Magnus’ Scrum Master Blog

Let’s do this! Again.

I used to blog quite a bit about Scrum and Agile a couple of years ago. My old blog is still there, in all its glory. But then I stopped. It wasn’t so much a conscious decision. Instead, it was just that the gap between posts grew. A week became a month, became a year, became two.

Recently, I have started to miss it, though. I enjoy writing and as someone who also enjoys reading about others’ experiences, it only seems right that I make the effort to share mine.

That’s why I’m starting blogging again today.

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Processes and tools are not enemies of Agile

The processes and tools monster smashing the house of agile

Whenever a group of agilists meet, it seems to be only a matter of time before someone points out that “doing agile is not enough, we need to be agile”.

Hard to argue with that! Agile practices alone will not make us agile. Simply going through the motions of “doing agile” won’t deliver the outcomes we’re after. However, it worries me sometimes that the pendulum may be swinging too far. Searching for better processes and tools is almost seen as anti-agile. “You should focus on the mindset, not worry about the tools!”.

I think it’s just as important to flip the statement around:

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Seven sins of a Scrum Master

The Scrum Master will never be responsible for the success of the product. However, they have an important role in helping those who are, the product owner and the team.

A good Scrum Master can significantly increase the odds of success. Similarly, a bad Scrum Master can derail everything, causing disastrous failure. In this article, I will look at seven bad characteristics or behaviours of Scrum Masters I have witnessed.

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Continuous improvement is what success as a Scrum Master is all about

As long as things improve, they get better

On recent commutes, I have traded the tube for the bus. The quieter environment allows me to spend the time listening to podcasts and I have ended up listening to Vasco Duarte’s Scrum Master Toolbox podcast a lot. One of my favourite questions he asks his guests is how they define success as a Scrum Master. That’s a question I have been thinking a lot about myself recently, not least since today is exactly ten years since I got my CSM.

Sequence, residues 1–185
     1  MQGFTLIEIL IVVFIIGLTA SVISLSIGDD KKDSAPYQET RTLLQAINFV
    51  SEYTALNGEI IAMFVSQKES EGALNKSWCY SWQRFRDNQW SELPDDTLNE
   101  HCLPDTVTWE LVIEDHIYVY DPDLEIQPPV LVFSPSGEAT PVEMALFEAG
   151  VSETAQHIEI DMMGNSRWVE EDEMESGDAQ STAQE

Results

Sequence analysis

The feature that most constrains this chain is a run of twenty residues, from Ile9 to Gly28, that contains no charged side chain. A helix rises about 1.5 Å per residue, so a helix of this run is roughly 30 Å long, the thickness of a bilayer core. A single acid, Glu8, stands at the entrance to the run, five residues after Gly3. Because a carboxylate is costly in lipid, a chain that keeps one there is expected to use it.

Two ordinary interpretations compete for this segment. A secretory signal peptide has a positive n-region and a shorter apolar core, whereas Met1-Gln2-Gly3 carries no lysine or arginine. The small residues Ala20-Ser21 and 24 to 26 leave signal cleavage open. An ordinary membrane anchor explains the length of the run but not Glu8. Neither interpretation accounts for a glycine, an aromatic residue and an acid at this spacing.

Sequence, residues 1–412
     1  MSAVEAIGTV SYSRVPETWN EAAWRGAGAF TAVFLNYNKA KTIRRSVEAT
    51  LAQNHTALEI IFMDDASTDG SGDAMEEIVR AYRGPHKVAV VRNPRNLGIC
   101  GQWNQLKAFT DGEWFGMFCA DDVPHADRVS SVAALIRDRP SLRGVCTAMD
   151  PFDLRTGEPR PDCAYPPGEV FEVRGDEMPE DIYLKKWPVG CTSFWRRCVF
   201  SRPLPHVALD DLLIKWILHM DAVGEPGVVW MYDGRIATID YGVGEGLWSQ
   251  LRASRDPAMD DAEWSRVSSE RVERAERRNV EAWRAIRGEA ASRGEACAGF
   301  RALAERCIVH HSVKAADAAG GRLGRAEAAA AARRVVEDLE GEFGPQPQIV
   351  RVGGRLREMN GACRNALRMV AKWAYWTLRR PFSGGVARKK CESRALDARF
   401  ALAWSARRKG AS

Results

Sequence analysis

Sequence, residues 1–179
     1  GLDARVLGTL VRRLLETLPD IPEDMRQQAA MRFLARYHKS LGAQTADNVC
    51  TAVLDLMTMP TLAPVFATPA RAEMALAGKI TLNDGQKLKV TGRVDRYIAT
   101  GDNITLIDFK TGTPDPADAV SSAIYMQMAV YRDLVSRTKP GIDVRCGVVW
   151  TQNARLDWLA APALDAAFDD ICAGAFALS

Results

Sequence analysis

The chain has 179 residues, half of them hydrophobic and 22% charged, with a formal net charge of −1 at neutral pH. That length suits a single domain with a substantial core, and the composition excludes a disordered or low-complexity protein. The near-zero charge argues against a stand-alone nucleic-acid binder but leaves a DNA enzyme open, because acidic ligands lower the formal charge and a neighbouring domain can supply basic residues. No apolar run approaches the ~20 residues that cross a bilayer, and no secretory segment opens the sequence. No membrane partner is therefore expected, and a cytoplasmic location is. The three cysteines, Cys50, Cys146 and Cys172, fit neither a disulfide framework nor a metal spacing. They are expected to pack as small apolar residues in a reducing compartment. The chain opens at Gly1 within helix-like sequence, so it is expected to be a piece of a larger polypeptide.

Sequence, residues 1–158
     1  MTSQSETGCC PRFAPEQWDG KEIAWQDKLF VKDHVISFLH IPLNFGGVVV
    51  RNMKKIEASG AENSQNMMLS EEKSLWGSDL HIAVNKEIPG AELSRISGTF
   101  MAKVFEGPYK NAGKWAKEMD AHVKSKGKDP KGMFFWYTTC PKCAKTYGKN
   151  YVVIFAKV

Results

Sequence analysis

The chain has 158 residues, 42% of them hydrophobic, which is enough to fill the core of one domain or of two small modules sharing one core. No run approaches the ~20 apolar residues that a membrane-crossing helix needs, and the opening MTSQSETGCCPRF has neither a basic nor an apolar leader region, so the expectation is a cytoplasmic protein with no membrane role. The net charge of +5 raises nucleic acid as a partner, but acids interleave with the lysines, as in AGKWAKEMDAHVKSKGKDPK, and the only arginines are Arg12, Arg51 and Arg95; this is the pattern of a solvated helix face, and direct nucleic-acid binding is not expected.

My answer? I would like to argue that continuous improvement is the ultimate evidence of a successful Scrum Master.

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5 situations when Scrum may not be your best choice

Not every story about Scrum is a success story. Scrum can fail. One of the reasons why many teams don’t get the value out of Scrum they were hoping is that they are trying to use it in a situation or environment where it is not appropriate. No set of practices will work in every single context and Scrum is no exception.

Let’s look at some examples where Scrum will either be very hard to make work or provide little value compared to a simpler process.

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#noestimates is just story points done right

#noestimates

Estimation has long been a natural part of software development. Therefore, an approach like #noestimates, which gets rid of estimation can seem quite suspicious. After all, there are good reasons why we estimate. We need to know how long something will take so that we can decide whether it’s worth doing or how much the customer should be paying. We also want to know whether we are on track to deliver by our deadline, so we need to know how much work is left.

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A better name for Scrum Master?

Does it matter what we call the Scrum Master role? Not really. The role titles are just words. What matters is the work a person does. However, I have come to realise that in some cases, classifying myself as a Scrum Master may actually limit my chances of fully meeting the potential of the role.

Let me explain!

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